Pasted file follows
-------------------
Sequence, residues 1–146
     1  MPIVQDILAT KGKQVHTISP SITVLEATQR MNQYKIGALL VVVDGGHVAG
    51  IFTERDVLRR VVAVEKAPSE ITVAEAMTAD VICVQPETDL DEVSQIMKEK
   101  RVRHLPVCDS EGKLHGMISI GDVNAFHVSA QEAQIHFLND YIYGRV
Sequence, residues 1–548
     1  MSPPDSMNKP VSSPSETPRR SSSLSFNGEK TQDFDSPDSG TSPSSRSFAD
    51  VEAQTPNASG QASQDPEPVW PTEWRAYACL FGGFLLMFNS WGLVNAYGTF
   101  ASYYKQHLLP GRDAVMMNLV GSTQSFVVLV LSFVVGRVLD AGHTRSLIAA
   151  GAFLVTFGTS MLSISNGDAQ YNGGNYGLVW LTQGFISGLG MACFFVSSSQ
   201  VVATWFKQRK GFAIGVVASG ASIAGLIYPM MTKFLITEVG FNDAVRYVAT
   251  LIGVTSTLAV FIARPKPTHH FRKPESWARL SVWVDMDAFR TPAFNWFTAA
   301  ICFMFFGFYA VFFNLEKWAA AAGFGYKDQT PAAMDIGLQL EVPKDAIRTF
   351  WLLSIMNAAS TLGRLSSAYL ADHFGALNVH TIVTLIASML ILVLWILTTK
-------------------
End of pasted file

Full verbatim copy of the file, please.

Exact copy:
Sequence, residues 1–146
     1  MPIVQDILAT KGKQVHTISP SITVLEATQR MNQYKIGALL VVVDGGHVAG
    51  IFTERDVLRR VVAVEKAPSE ITVAEAMTAD VICVQPETDL DEVSQIMKEK
   101  RVRHLPVCDS EGKLHGMISI GDVNAFHVSA QEAQIHFLND YIYGRV
Sequence, residues 1–548
     1  MSPPDSMNKP VSSPSETPRR SSSLSFNGEK TQDFDSPDSG TSPSSRSFAD
    51  VEAQTPNASG QASQDPEPVW PTEWRAYACL FGGFLLMFNS WGLVNAYGTF
   101  ASYYKQHLLP GRDAVMMNLV GSTQSFVVLV LSFVVGRVLD AGHTRSLIAA
   151  GAFLVTFGTS MLSISNGDAQ YNGGNYGLVW LTQGFISGLG MACFFVSSSQ
   201  VVATWFKQRK GFAIGVVASG ASIAGLIYPM MTKFLITEVG FNDAVRYVAT
   251  LIGVTSTLAV FIARPKPTHH FRKPESWARL SVWVDMDAFR TPAFNWFTAA
   301  ICFMFFGFYA VFFNLEKWAA AAGFGYKDQT PAAMDIGLQL EVPKDAIRTF
   351  WLLSIMNAAS TLGRLSSAYL ADHFGALNVH TIVTLIASML ILVLWILTTK